Now that you know what encryption is, now it’s time to explore the answer to the question “how does encryption work?”
Let’s explore this concept with Bob, Alice, and Mallory to understand encryption in a simpler way.
- Bob sends a letter to Alice. Mallory gets access to the letter while it’s in transit. Because the letter is in plaintext, she can read, interpret, and even modify the message before it reaches Alice.
- To tackle this issue, Bob and Alice decide to use a trick. They will replace the original alphabet with its next to the next alphabet. That means A=C, B=D, C=E …. X=Z, Y=A, Z=B.
- Now, when Bob sends the message, “HELLO,” he writes, “JGNNQ” Instead.
- Now, if Mallory (or anyone else) gets access to the letter, all she’ll read is a bunch of text that doesn’t make any sense! But when Alice receives it, she knows the trick and shifts each letter of the message back two steps in the alphabet so she can interpret the message.
This is encryption in a nutshell! Now, let’s further explore some of the terms we used in this example.
What Does Encryption Mean? A Breakdown of Terms Related to the Encryption Process
Ciphertext: The encoded text “JGNNQ” is called ciphertext. Basically, it’s the undecipherable text you get when you encrypt a message using an encryption algorithm and key. Ciphertext can only be decrypted using the corresponding key.
Encryption: The process of converting the plaintext “Hello” into a ciphertext “JGNNQ” is called encryption. Encryption is done using keys which are made of mathematical algorithms. Encryption can be symmetric or asymmetric — and we’ll explain more about these two terms shortly.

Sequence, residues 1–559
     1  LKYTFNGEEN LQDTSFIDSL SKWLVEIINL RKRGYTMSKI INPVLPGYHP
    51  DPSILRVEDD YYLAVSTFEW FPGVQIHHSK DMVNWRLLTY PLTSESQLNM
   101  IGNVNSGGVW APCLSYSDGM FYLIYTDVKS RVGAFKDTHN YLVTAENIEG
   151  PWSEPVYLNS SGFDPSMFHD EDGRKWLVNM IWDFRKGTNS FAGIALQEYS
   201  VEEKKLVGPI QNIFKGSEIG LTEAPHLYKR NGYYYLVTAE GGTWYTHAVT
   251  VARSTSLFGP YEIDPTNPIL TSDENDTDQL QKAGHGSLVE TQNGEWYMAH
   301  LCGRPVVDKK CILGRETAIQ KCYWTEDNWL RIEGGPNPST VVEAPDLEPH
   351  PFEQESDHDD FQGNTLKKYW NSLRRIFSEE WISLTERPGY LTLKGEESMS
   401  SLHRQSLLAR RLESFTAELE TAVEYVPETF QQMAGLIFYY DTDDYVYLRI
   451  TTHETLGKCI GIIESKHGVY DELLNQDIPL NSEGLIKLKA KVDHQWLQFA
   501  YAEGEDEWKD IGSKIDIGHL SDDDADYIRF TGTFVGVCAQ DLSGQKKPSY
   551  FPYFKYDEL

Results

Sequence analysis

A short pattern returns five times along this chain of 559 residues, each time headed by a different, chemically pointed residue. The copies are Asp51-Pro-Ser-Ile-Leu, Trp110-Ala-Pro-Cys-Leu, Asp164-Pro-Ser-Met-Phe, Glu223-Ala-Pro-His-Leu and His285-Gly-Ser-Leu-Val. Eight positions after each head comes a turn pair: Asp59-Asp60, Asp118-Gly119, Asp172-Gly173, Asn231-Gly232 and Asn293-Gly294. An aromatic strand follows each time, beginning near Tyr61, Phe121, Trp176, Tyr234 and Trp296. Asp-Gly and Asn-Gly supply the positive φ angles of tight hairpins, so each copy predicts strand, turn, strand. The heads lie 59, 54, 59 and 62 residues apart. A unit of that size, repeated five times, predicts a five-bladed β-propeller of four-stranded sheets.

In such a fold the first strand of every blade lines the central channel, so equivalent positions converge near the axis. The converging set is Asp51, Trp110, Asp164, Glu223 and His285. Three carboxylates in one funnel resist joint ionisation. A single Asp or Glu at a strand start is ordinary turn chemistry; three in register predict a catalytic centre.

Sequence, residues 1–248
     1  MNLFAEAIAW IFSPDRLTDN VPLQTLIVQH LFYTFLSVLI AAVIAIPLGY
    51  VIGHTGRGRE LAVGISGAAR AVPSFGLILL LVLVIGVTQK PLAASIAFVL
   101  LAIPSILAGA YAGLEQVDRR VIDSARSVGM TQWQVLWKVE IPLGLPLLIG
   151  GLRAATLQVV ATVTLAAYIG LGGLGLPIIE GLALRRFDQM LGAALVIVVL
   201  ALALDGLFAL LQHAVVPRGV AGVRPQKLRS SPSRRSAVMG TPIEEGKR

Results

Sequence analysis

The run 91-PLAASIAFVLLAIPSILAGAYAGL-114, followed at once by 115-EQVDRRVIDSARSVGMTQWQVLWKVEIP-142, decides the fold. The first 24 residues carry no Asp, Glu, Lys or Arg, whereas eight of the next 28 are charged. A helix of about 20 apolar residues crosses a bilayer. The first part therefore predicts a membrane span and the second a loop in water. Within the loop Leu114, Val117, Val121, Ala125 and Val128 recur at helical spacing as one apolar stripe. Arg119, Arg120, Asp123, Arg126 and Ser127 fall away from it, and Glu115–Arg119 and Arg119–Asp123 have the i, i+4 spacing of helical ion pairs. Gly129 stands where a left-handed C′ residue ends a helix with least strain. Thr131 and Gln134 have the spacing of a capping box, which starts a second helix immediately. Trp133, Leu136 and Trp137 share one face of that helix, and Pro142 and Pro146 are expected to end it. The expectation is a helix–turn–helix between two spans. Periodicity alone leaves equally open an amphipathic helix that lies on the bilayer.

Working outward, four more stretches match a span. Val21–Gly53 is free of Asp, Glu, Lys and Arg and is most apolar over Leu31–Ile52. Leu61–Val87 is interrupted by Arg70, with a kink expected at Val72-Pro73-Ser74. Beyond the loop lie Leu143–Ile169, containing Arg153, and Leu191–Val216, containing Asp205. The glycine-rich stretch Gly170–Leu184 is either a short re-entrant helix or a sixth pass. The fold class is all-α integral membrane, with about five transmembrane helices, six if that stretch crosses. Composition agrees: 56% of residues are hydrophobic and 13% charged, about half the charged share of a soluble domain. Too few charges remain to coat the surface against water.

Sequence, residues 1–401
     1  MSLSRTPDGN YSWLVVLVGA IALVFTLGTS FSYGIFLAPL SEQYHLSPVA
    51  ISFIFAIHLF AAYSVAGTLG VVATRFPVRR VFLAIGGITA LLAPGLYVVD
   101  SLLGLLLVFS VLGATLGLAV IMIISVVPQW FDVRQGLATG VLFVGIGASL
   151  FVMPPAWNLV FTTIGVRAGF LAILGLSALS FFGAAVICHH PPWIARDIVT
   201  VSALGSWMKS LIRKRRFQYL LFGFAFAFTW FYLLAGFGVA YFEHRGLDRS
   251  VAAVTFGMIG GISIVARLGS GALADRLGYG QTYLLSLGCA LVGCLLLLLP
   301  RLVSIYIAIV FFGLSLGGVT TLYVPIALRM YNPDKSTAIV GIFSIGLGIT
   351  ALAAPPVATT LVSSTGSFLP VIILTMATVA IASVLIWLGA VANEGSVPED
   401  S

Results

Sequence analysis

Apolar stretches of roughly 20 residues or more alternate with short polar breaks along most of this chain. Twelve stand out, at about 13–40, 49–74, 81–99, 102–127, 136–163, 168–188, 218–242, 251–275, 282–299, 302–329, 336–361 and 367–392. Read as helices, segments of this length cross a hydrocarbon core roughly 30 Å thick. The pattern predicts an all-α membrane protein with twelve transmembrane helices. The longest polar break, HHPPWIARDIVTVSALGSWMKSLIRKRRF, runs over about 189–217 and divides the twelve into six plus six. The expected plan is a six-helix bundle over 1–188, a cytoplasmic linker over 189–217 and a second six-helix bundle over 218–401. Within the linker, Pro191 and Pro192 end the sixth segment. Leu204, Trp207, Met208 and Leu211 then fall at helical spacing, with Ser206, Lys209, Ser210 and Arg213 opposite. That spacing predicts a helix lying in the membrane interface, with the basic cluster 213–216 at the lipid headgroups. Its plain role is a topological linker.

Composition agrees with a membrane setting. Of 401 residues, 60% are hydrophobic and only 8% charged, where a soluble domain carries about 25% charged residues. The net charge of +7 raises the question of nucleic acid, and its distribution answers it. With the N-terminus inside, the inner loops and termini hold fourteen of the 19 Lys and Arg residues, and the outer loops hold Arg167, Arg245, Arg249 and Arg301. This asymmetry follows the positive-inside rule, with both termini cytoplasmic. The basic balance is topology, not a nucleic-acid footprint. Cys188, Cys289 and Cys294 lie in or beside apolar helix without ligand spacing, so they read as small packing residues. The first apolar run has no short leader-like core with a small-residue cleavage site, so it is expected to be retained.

Keys: The trick we referred to earlier about replacing individual letters within a message with those that are shifted one or two spaces in the alphabet is a generalization of what’s known as an encryption key. Bob is using it to encrypt the data, so it is an encryption key. Alice is using the same key to decrypt the ciphertext. That’s why it is also called the decryption key.
In real life, these keys are made of using mathematical algorithms. Some of the famous encryption algorithms are AES, RSA, Blowfish, ECC, Twofish, etc. The keys look like a long string of digits and alphabets. It looks something like this.
There are mainly two types of keys.
Symmetric key: When the same key is being used for encryption and decryption, it is called the symmetric key.
Asymmetric key: Here, there are two separate yet mathematically related keys are being used named public key and private key. The public key is available to everyone, and anyone can use it to encrypt the data. However, it has a unique pair of the private key, which must be kept in secret with its owner. Only the holder of this private key can decrypt the data. Sometimes, you need both, public key and private key to encrypt and decrypt the data.
How Does Encryption Work in an SSL/TLS Certificate?
An SSL certificate is used to protect data that are transmitted between two endpoints, generally a website and the website visitor’s browser. Let’s break down how that process works with an example: